Yes, that is the astonishing list of  around 175 ‘ingredients’ that you would eat if you bought rather than made each of these dishes.

(Incidentally, that doesn’t include the banana and yoghurt drink in the morning – the manufacturer only provides minimal information such as calories / fat / sugar content and not full ingredients, so it’s anyone’s guess what’s in it…)

If you look more closely at the ingredients, you’ll see that sugar and sweeteners are mentioned no less than 22 times.

I also noted the ‘nutritional guidelines’ given on the packaging for each of these foods, and that information is also pretty astonishing, especially about the sugar intake.

The following data is per portion.

The ‘heatlhy’ breakfast cereal comes in at 12g sugar.

The banana and yoghurt frappucino comes in 55.2g sugar – yes 55.2g!

The sandwich contains 5g sugar.

The low fat yoghurt contains 11.7g sugar.

The soft drink weighs in at  34.1g sugar.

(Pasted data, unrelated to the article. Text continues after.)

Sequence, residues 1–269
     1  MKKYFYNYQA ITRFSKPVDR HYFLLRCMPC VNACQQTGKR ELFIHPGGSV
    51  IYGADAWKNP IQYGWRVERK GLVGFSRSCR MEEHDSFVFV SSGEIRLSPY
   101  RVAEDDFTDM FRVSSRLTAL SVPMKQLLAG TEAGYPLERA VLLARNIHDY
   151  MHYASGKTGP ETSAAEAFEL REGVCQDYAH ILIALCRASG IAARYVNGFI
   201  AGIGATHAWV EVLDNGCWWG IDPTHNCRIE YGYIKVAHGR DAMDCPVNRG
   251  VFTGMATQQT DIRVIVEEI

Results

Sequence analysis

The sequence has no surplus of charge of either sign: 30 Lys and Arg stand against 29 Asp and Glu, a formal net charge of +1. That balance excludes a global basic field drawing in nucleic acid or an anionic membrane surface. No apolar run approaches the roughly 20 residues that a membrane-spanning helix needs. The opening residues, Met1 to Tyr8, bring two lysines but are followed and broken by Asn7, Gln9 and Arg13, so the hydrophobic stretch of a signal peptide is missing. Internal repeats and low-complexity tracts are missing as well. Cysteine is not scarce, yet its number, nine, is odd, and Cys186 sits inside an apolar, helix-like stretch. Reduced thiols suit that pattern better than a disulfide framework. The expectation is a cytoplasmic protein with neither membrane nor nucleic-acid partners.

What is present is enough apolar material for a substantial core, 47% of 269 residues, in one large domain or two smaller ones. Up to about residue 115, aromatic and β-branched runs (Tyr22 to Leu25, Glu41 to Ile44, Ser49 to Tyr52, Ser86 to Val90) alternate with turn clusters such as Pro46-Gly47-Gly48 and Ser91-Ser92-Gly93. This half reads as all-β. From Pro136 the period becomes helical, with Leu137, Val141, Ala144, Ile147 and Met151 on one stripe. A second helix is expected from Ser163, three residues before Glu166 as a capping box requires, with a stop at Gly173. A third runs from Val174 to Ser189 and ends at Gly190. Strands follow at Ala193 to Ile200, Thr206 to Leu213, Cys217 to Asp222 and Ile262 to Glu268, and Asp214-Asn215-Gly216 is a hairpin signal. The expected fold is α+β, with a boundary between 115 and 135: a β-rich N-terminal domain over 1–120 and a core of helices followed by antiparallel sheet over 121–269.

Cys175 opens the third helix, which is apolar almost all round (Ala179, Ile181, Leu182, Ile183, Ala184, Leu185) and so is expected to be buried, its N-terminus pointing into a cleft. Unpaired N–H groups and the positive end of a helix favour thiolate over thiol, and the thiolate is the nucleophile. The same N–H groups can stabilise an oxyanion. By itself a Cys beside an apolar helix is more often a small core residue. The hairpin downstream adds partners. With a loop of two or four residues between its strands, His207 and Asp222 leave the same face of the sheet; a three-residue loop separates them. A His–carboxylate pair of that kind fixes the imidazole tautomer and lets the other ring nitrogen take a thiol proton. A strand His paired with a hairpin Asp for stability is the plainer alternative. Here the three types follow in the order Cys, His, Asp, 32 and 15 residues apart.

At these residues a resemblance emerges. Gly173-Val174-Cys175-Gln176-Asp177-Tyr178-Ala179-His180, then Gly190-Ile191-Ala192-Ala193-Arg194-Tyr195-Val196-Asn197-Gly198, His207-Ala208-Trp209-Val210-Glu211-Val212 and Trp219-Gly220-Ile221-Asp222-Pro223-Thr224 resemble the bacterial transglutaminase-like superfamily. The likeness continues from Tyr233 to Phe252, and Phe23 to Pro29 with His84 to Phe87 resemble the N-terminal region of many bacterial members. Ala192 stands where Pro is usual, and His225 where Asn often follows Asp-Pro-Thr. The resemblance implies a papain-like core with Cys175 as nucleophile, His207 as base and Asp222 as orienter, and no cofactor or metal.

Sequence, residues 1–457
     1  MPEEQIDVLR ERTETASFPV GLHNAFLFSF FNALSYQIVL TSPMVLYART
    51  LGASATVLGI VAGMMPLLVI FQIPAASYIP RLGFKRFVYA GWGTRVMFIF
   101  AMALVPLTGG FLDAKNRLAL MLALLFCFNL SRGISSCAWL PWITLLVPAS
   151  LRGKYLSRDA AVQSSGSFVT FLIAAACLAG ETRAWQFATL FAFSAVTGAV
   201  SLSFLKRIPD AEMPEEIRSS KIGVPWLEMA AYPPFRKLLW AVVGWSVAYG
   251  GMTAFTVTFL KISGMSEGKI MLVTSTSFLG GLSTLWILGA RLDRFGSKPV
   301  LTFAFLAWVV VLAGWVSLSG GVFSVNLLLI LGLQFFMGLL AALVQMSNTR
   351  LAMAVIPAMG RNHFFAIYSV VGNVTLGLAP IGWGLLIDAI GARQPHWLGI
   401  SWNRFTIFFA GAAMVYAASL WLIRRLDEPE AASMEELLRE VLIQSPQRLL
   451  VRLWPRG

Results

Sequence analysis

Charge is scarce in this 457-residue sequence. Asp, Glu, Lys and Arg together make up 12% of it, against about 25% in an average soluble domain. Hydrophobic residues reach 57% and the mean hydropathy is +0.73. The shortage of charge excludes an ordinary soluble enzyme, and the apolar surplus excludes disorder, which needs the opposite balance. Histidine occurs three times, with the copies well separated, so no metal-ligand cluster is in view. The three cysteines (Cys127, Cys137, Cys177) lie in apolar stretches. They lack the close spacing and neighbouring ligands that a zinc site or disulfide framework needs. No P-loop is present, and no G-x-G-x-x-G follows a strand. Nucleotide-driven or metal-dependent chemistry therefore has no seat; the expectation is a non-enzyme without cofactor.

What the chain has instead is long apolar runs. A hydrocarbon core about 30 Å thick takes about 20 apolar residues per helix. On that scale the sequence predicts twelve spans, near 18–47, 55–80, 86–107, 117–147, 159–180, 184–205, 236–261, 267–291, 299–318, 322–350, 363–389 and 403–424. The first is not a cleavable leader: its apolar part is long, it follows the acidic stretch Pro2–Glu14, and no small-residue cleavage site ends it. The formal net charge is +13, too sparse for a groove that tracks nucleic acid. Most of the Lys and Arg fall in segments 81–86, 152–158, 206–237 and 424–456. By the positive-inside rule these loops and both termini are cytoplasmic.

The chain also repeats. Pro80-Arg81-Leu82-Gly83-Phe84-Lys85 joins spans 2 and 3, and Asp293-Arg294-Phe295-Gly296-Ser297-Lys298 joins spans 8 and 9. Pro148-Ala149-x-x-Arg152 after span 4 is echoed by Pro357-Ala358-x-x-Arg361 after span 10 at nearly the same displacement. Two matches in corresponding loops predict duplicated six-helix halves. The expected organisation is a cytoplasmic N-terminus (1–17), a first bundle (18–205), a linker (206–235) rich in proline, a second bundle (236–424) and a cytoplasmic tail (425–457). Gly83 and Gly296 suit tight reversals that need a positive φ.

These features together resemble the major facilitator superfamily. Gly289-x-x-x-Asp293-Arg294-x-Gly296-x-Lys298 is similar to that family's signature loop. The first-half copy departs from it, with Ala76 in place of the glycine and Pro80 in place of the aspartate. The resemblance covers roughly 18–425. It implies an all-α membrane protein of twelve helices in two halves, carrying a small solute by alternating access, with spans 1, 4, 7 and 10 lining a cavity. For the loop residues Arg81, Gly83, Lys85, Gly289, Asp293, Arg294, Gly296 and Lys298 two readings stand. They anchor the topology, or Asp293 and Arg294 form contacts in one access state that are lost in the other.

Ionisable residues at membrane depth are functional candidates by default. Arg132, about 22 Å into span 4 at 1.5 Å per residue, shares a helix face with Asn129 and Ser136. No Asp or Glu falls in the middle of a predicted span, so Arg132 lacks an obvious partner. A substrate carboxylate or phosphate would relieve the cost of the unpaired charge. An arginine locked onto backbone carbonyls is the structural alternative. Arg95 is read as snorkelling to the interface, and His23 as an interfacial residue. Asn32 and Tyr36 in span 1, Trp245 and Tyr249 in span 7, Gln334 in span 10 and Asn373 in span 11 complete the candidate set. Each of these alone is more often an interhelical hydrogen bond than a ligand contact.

The ‘natural’ health food bar contains 8.8g sugar The quiche and salad contain 5g sugar.

So that’s a whopping 131.8g sugar you’ll have consumed in just one day

In fact, if you made a large chocolate cake from scratch and ate the lot, you’d have eaten less sugar….

So now let’s look at the nutritional content of the meals if you make them yourself:

This is the list of the ingredients you’d need:

Rolled oats, honey, vegetable oil, pumpkin seeds, sesame seeds, flaked almonds, dried berries, coconut flakes.

Ground coffee, milk, banana, yoghurt.

Flour, yeast, salt, sugar, water, tuna, cucumber, eggs, vegetable oil, salt, pepper, mustard seed, vinegar.

Yoghurt, cherries.

Oats, butter, raisins, cinnamon, ginger, salt, sugar, syrup.

Flour, butter, water, eggs, feta cheese, cheddar cheese, tomatoes, spinach, onions, salt, oregano, basil, pepper, cumin. Lettuce, parmesan cheese, white wine vinegar, salt, pepper, eggs, mustard powder, olive oil, anchovy fillets, garlic.

60 ingredients – all of them natural, many of them herbs and spices and certainly a list that you can probably recognise as food.

As far as sugar and syrup goes, sugar is used just twice in the home made menu- once in a tiny amount for the bread dough, and then in the cereal bar, and syrup is used once, in the cereal bar.

Overall, the sugar intake is about 15g.

My conclusion from this exercise is that it really reinforces the fact that marketing, advertising and food labelling all conspire to get us to eat horribly processed, unhealthy packs of ingredients that are a poor apology for food.